“Support for the protesters, their cause, and even for violence, is strong in some sectors of Hong Kong society, such as amongst some medical staff and other professionals, but may be waning on the broader front by workers who are now suffering inconvenience,” wrote Vickers, chief executive of Steve Vickers and Associates, a political and corporate risk consultancy.
During the early weeks and months of the protests, the MTR largely stayed open. However, as police began refusing permission for large rallies, protesters began launching spontaneous demonstrations by disappearing into the MTR network and reappearing at a new location — sometimes on the other side of the city. The MTR also allowed protesters an efficient route to and from the protests, with many changing outfits before commuting home.
But as the MTR began accommodating the government and riot police, protesters began targeting subway stations. They tried to delay subway cars at the height of morning commutes and later vandalized some stations to the point that they were shut down. Hong Kong’s police were also criticized by the United Nations Commissioner for Human Rights for firing tear gas inside the enclosed area of a station.
Do you see anyone?
The closures have contributed to a downturn in business across the city. Roughly 100 restaurants have been forced to close throughout the unrest, leaving around 2,000 employees without jobs, Hong Kong’s Finance Secretary Paul Chan wrote in a blog post over the weekend.
Bonnae Gokson, who runs the luxury restaurant SEVVA on the top floor of the Prince’s Building in Hong Kong’s central financial district, has seen her business suffer. After a $1.3 million renovation, her restaurant reopened just a few days after some of the worst violence on Oct. 1, when a protester was shot for the first time, and people have been staying home.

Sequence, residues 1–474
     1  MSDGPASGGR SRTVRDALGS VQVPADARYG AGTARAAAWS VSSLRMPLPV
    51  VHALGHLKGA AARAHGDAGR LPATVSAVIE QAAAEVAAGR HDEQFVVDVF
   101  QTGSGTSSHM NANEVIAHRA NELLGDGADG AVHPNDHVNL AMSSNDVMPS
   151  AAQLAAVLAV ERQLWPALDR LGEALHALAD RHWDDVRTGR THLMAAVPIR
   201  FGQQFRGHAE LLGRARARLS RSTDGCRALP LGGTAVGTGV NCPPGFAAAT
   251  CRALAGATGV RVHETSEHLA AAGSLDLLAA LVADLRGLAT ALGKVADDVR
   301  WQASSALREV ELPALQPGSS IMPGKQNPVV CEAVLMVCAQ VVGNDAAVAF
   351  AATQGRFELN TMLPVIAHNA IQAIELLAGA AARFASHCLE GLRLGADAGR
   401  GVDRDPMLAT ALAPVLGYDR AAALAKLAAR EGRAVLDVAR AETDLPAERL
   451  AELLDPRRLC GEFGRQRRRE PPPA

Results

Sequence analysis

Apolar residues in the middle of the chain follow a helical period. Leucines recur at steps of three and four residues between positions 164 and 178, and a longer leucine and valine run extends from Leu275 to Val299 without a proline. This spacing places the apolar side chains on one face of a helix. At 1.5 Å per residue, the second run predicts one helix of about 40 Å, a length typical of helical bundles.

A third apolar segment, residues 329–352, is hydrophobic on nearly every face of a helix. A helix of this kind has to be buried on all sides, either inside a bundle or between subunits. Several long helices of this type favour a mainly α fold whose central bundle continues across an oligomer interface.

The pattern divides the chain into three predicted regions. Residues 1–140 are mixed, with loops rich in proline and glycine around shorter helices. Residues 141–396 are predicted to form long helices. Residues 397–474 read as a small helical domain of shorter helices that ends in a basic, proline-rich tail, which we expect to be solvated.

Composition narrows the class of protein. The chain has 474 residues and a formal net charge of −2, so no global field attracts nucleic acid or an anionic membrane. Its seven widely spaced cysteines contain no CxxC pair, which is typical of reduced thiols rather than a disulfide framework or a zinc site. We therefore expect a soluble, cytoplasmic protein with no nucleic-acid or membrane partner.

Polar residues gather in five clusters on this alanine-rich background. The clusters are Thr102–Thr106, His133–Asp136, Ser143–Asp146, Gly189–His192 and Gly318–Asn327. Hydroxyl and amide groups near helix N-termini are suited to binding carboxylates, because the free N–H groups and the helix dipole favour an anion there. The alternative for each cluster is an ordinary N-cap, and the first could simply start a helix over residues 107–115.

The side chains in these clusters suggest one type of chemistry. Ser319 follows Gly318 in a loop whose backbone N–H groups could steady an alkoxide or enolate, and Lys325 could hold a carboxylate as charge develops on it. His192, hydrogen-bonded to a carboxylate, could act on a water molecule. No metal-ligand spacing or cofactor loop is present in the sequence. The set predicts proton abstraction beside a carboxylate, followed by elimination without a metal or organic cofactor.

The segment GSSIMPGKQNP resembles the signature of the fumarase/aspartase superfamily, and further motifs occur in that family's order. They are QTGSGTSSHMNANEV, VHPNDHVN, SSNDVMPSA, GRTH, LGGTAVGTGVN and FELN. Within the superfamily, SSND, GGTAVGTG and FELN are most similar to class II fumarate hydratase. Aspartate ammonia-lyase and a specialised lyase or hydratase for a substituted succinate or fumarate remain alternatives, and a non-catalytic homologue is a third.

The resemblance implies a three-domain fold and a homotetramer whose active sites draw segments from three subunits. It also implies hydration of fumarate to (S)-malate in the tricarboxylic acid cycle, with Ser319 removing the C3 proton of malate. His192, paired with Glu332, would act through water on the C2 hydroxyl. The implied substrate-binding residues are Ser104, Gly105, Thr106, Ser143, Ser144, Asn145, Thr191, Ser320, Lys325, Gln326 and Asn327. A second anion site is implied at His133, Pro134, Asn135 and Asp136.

One recent afternoon, only eight customers sat in her cavernous 22,000 square-foot restaurant, which has a large patio with views over Hong Kong’s gleaming skyscrapers and iconic harbor. She said the MTR’s trimmed back schedule, constant mobile alerts from police and a general sense of economic malaise is keeping people away.
“Normally, I can tell you at this hour, 4:30 p.m., my goodness, this place is packed,” she said. “Do you really see anyone now?”
The unpredictability is part of what’s keeping everyone away. Tourist arrivals in August were down 40% from a year earlier, the biggest year-over-year decrease since the SARS epidemic in 2003, as people cancel or revise travel plans.
Hong Hao, the chief strategist at Bocom International, said the protests constantly disrupt his work schedule, which often requires him to do TV interviews in Causeway Bay or Wan Chai late in the evening.
The tendency for protests to escalate in the evening and the fact that demonstrators frequently attack MTR stations are a great inconvenience for him and his colleagues, Hong said, noting that taxi drivers sometimes refuse to give them a ride.
“Whenever there’s a protest we have to cancel plans because the situation can get quite intense,” said Hong, who has lived in the city for eight years. “People are scared.